On Sunday morning, June 25, about 20,000 Muslims are expected to congregate at Angels Stadium in Anaheim to pray together and celebrate Eid al-Fitr, the day that marks the end of the holy month of Ramadan.
This year, the biggest concern for this event — and other end-of-Ramadan festivities — is security.
On Monday, the Council on American-Islamic Relations (CAIR) issued an alert to all mosques and Islamic organizations nationwide, warning them to be vigilant after incidents of violence against Muslims in recent weeks and a year punctuated by an increase in anti-Muslim hate crimes, hate incidents and rhetoric.
CAIR-LA has issued a similar alert for all mosques in Southern California, said executive director Hussam Ayloush.
“We’re asking mosque administrators to make sure the areas are well-lit and there’s adequate security available,” he said.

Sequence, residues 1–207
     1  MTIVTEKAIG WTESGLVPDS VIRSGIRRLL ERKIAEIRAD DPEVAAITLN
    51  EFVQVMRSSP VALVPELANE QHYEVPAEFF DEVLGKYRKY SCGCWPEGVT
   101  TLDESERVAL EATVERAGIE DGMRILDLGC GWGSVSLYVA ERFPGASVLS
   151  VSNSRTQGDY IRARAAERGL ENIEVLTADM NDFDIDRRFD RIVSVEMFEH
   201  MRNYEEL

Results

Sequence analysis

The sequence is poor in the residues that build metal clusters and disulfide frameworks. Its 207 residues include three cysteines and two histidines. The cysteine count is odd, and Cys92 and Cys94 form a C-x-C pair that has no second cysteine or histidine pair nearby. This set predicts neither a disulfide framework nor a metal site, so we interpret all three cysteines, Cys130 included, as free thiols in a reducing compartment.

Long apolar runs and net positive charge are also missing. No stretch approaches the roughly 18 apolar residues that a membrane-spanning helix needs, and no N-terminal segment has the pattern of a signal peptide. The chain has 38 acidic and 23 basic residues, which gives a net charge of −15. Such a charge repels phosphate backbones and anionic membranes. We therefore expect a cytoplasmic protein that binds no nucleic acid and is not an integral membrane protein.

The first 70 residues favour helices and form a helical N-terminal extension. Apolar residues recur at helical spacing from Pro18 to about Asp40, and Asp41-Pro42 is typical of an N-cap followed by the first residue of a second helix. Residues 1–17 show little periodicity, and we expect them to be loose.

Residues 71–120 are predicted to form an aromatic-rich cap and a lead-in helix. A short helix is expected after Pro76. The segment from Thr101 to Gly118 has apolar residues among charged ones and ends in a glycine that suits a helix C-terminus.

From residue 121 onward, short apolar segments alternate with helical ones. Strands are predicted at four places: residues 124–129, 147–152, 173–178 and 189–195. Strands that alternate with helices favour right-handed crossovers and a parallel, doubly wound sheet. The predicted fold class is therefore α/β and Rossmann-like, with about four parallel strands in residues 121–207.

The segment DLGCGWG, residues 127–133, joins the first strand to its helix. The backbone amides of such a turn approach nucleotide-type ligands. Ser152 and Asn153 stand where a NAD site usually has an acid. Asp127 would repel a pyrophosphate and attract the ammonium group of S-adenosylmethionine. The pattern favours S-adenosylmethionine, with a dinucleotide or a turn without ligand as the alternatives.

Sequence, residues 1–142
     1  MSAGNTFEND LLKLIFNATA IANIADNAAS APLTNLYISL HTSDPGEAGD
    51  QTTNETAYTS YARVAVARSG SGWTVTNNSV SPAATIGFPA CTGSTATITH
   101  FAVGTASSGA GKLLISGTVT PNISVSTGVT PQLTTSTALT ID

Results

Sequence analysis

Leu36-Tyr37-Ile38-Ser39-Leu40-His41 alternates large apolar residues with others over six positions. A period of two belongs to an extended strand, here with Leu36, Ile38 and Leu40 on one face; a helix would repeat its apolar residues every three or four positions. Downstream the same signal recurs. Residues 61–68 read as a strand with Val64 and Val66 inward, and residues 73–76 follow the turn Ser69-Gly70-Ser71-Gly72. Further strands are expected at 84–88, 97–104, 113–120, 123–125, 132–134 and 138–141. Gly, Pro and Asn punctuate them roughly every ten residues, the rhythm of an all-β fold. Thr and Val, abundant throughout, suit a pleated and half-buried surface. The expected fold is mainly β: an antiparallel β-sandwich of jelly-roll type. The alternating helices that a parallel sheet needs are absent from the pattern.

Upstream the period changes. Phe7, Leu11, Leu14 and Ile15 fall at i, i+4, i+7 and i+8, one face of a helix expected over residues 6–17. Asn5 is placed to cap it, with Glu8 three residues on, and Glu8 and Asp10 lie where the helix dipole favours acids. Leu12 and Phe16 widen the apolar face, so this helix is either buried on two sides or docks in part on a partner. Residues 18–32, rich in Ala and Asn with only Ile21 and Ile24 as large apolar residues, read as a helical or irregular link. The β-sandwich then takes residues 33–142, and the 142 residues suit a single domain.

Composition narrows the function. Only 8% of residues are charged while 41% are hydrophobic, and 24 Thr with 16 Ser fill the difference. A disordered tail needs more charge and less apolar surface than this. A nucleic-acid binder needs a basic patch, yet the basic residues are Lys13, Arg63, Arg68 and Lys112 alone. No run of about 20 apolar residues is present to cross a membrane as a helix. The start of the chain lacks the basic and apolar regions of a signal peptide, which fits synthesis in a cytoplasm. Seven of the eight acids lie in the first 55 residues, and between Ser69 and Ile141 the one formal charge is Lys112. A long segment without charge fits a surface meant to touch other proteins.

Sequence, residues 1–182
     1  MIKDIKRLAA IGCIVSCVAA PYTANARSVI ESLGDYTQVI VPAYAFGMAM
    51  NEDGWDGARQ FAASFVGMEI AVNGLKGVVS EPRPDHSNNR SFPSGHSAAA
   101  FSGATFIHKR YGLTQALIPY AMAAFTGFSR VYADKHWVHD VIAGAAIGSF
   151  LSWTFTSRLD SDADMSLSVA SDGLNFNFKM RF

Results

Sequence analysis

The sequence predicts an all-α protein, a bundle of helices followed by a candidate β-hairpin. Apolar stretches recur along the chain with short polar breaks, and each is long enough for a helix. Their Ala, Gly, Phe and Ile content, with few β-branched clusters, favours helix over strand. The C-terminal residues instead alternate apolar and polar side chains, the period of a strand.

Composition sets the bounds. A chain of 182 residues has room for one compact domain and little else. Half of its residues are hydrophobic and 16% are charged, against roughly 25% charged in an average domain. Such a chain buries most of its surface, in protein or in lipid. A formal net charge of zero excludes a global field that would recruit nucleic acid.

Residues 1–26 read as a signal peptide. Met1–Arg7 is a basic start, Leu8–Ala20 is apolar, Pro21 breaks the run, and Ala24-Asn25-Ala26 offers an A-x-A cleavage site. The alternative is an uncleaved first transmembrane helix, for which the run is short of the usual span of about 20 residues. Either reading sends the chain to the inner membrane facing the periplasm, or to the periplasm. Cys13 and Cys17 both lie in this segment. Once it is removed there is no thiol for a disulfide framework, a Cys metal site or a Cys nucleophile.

Ayloush also is asking Muslims not to engage with people who target them through hate speech.
“Don’t respond to racial slurs because you don’t know the state of mind of that person,” he said. “The best thing to do is to ignore. If you feel unsafe, call the police and move to a safe place immediately.”
Ayloush said two recent incidents — the murder of 17-year-old Nabra Hassanen of Reston, Va., who was killed after leaving her mosque Sunday morning, and an incident outside a mosque in Finsbury Park, London, where a man plowed a rented van into worshipers, leaving one dead and nine others injured — have left American Muslims shaken.
The community is certainly more concerned this year, said Ahsan Baseer, board president of the Islamic Society of Corona-Norco.
“We have told everyone to be alert and have especially warned girls and women wearing hijabs not to walk by themselves,” he said. “It’s unfortunate that we have to do this, but these are precautions we have to take under current circumstances.”
Baseer’s mosque will host an Eid event this weekend at Santana Regional Park in Corona….